The Supreme Court has consistently banned school-sponsored prayer in public K-12 schools, whether at the start of the school day, during graduation ceremonies or before football games. Under the Equal Access Act, the Supreme Court has affirmed that students may organize prayer and Bible study clubs during non-instructional hours. Even so, school staff and outside adults may not actively participate.
Lower courts have mostly forbidden public school teachers from openly praying in the workplace, even if students are not involved. Yet the Supreme Court has not directly addressed such a case – until now.
Kennedy v. Bremerton School District, a case from Washington state, scheduled for oral arguments on April 25, 2022, could usher in more religious activities by teachers and other staff in public schools.
At issue is whether a school board violated the rights of Joseph Kennedy, a football coach it suspended, and whose contract it did not renew, because he ignored its directive to stop kneeling in silent prayer on the field after games. Kennedy claims that the board violated his First Amendment rights to freedom of speech and freedom of religion, along with his rights under the Civil Rights Act, which prohibits employment discrimination.
The Supreme Court faces two key questions: whether prayers public school employees say in front of students are protected by their First Amendments rights; and, if they are, whether educational officials must still prohibit them in order to avoid promoting particular religions and violating the Establishment Clause.
From my perspective as a specialist in education law, the case is noteworthy because the court should resolve sticky questions surrounding whether public school employees can pray when supervising students, or if doing so crosses the line and becomes impermissible government speech.
Kennedy v. Bremerton also reflects the inherent tension between the First Amendment’s two clauses on religious freedom: The Free Exercise clause protects individuals’ right to practice their faiths as they wish, while the Establishment Clause forbids the government from “establishing” a religion.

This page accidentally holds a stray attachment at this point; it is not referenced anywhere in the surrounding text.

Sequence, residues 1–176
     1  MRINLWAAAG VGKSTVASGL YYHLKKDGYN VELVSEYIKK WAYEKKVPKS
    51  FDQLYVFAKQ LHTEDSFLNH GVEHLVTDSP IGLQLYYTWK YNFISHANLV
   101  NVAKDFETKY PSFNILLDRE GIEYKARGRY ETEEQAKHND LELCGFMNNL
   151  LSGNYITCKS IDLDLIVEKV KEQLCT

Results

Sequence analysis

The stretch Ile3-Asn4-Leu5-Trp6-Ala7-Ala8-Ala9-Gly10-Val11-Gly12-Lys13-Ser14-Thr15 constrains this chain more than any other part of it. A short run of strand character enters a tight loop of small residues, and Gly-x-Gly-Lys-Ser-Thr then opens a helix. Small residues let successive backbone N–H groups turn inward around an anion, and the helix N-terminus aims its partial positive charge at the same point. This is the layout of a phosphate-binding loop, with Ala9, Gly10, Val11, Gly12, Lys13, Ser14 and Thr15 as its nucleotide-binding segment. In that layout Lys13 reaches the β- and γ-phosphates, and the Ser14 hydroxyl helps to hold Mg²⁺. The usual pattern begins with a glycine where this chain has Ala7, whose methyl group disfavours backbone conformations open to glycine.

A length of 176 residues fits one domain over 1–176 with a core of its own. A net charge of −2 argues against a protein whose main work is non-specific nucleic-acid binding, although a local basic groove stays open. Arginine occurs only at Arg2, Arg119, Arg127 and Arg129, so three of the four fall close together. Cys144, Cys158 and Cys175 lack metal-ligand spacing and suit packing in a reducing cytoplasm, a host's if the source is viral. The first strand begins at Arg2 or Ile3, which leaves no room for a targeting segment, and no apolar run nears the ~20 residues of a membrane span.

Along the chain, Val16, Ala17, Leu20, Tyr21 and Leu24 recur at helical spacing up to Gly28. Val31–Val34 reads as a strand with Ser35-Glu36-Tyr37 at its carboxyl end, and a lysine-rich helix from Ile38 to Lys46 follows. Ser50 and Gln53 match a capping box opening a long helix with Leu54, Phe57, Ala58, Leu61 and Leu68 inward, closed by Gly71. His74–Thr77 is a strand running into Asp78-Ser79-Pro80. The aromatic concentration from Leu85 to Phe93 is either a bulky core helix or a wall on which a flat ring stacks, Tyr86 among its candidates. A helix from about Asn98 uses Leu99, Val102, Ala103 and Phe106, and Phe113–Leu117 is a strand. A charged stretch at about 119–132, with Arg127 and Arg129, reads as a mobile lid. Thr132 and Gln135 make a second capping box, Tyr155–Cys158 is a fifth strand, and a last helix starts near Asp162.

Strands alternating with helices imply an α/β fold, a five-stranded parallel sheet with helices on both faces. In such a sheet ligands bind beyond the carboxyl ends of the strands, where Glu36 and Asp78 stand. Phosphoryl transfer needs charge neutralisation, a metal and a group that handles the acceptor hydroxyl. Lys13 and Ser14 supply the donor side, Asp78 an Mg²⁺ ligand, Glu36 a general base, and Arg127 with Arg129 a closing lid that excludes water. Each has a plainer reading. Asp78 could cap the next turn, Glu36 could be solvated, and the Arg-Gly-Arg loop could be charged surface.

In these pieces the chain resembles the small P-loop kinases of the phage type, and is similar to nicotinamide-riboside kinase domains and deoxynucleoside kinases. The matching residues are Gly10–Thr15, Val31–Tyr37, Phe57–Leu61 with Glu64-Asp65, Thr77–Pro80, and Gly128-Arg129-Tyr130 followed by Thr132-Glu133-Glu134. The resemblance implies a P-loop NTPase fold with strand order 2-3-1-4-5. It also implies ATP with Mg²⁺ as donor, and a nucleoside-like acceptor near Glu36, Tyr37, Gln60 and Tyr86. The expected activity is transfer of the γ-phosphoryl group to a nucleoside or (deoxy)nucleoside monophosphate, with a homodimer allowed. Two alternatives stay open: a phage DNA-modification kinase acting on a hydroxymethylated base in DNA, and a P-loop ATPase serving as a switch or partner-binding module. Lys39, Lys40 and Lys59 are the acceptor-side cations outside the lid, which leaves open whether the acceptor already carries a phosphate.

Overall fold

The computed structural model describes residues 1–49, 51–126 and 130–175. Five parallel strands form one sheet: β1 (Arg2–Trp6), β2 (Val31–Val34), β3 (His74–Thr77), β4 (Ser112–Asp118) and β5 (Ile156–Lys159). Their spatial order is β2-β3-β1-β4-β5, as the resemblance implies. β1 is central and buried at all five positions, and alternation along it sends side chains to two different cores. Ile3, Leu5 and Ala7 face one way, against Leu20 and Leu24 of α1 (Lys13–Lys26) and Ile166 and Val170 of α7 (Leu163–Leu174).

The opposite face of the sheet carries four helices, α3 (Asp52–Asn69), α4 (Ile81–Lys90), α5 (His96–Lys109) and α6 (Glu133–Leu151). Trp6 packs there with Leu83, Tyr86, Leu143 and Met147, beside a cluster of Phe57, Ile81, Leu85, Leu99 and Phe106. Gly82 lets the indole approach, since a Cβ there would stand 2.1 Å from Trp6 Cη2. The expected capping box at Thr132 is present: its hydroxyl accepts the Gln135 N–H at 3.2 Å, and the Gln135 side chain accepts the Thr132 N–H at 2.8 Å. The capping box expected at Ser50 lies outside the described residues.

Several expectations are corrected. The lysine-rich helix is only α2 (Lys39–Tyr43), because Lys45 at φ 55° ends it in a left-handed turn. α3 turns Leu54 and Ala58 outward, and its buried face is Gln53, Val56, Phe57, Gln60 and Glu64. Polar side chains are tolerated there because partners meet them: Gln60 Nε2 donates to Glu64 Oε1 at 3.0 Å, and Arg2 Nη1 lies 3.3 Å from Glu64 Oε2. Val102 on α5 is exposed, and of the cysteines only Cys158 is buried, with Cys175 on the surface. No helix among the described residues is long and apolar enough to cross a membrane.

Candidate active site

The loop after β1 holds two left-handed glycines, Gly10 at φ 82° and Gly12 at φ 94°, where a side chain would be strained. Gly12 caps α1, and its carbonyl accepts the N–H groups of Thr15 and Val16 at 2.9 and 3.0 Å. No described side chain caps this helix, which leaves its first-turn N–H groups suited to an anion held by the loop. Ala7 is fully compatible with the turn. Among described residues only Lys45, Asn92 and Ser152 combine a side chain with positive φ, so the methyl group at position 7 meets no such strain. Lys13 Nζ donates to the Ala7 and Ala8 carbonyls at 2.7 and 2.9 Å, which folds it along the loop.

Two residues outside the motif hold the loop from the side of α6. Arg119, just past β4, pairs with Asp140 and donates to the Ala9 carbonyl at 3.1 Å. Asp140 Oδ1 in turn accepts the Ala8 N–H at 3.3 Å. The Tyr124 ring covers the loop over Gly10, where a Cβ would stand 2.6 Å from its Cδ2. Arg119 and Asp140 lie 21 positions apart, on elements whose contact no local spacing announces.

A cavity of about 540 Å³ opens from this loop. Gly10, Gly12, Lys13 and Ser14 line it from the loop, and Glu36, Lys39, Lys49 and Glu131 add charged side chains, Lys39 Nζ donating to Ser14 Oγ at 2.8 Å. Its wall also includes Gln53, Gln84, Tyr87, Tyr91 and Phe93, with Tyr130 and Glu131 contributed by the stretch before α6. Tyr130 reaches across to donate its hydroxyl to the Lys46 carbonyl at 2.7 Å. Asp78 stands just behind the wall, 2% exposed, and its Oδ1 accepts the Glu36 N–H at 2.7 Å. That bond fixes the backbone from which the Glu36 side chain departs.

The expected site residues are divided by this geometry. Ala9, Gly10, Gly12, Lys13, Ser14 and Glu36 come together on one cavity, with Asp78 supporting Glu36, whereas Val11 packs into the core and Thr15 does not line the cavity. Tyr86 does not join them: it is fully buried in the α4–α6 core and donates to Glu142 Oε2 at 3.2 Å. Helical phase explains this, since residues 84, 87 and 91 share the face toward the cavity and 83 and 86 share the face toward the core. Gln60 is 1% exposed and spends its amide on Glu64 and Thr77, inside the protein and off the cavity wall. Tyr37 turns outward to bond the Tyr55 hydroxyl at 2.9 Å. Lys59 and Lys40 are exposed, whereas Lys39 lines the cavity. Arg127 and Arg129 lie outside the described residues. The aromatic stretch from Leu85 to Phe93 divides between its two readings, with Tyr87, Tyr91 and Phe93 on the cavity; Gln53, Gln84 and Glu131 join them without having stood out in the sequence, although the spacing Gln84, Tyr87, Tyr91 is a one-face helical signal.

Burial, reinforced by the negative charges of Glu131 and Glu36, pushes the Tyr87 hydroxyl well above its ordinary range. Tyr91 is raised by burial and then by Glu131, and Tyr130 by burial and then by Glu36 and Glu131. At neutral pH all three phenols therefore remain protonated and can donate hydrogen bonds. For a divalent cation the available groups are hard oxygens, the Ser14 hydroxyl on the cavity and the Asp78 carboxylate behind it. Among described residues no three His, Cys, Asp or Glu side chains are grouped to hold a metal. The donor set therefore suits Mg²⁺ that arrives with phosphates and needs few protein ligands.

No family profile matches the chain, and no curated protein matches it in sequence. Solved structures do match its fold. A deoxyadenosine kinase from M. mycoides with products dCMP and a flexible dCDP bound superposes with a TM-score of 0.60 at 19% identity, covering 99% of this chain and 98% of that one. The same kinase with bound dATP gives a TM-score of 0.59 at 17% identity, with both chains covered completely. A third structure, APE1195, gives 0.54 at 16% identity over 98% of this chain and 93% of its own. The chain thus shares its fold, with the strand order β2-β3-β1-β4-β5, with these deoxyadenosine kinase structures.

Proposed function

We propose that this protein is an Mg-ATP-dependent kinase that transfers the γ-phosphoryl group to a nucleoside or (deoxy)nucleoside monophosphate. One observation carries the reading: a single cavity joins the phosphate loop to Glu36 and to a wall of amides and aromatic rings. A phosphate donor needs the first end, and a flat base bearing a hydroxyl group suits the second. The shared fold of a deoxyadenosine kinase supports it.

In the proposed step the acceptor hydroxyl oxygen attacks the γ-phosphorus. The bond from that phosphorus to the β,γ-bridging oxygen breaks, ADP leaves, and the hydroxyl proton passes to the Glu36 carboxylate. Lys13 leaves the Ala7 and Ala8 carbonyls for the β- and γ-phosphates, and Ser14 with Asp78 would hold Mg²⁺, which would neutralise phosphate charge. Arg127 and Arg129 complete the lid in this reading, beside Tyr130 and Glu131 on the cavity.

In other words, a tension exists between public employees’ right to religious expression within the boundaries of the law and employers’ needs to avoid violating the Establishment Clause.
Facts of the case
In 2008, Kennedy, a self-described Christian, worked as head coach of the junior varsity football team and assistant coach of the varsity team at Bremerton High School. He initially knelt on the 50-yard line after games, regardless of the outcome, offering a brief, quiet prayer of thanks.
While Kennedy first prayed alone, eventually most of the players on his team, and then members of opposing squads, joined in. He later added inspirational speeches, causing some parents and school employees to voice concerns that players would feel compelled to participate.
The school board directed Kennedy to stop praying on the field because officials feared that his actions could put it at risk of violating the First Amendment. The government is prohibited from making laws “respecting an establishment of religion, or prohibiting the free exercise thereof” – often understood as meaning public officials cannot promote particular faiths over others.
In September 2015, school board officials notified the coach that he could continue delivering his inspirational speeches after games, but they had to remain secular. Although students could pray, he could not. Even so, a month later Kennedy resumed his prayers. He had publicized his plans to do so, and was joined by players, coaches and parents, while reporters watched.